Some three years ago, Becky and I set out on a quest to watch all of Woody Allen's movies. (He's made more than you might think.) We are still trying to get to the end of this queue.
Recently, however, my attention fastened upon a character played by Nick Nolte. In this one scene Nolte, a painter, was discussing the significance of his painting with a young art student who was threatening to quit. She asked, "But how do you get inspired to paint? How do you find the energy to keep doing it?"
The answer came suddenly, with the Nolte blurting out, "One doesn't paint because one wants to. If a person is a painter, he will paint because he can't do anything else."
I've heard this same line used in ministry . . . but I've also heard it used when it comes to writing. Writers write because they have to. At least it's held true for me.
Even now, sitting here watching an NCAA basketball game that I've pulled in through my rabbit ears (and high def no less) . . . I am writing. In the past two hours I've written three essays to meet a publication deadline. Last night I wrote five short stories (all less than 1000 words each, but five nonetheless). And early this morning I finished two poems, wrote eight pages of material for a review, and began writing a new book proposal. Why? What else can I do? What else is there to do in the middle of the night? (And don't mention sex cause I can't meet that deadline any more.)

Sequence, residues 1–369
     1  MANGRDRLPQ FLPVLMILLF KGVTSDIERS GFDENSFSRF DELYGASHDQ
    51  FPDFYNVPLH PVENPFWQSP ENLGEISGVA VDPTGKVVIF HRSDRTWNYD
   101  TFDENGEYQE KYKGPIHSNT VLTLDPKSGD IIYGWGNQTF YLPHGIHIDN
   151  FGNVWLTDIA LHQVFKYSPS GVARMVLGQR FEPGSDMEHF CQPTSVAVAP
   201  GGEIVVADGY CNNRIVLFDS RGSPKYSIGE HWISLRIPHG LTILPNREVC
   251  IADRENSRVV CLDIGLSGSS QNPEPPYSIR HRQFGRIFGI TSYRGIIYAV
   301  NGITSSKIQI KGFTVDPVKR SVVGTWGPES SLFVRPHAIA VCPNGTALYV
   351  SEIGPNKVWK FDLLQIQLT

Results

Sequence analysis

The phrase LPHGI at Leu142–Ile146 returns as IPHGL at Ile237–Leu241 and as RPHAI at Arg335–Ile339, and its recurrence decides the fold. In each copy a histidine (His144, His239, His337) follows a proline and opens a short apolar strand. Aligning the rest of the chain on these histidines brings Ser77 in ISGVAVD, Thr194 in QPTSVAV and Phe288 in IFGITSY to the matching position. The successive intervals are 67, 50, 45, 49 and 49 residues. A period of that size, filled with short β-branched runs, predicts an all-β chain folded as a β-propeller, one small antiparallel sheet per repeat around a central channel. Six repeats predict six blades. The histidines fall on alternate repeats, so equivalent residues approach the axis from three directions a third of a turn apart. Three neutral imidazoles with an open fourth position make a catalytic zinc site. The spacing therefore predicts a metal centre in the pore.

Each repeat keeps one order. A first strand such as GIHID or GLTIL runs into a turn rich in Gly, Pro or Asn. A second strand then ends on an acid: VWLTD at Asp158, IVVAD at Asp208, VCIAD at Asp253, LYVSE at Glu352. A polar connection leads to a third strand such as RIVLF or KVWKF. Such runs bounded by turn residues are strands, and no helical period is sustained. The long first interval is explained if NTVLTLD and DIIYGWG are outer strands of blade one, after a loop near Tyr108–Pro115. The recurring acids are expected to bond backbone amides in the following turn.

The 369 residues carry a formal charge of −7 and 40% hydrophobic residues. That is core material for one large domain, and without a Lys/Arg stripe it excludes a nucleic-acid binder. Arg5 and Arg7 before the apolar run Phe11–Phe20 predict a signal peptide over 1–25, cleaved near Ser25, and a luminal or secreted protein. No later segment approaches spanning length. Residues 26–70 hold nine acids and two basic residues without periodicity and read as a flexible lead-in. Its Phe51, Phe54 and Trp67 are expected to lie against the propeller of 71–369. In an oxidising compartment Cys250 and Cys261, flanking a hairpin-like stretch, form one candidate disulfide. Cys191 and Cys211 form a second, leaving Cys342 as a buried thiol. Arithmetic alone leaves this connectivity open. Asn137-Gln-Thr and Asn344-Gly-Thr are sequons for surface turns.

No . . . it's writing from here on out. Writing until my back goes, my knees, my mind. And besides, I've got too many books, too many stories, too many essays, too many poems--both unpublished and yet to be written--that are waiting in the wings.
An actor acts. A painter paints. A writer writes. It's a life sentence.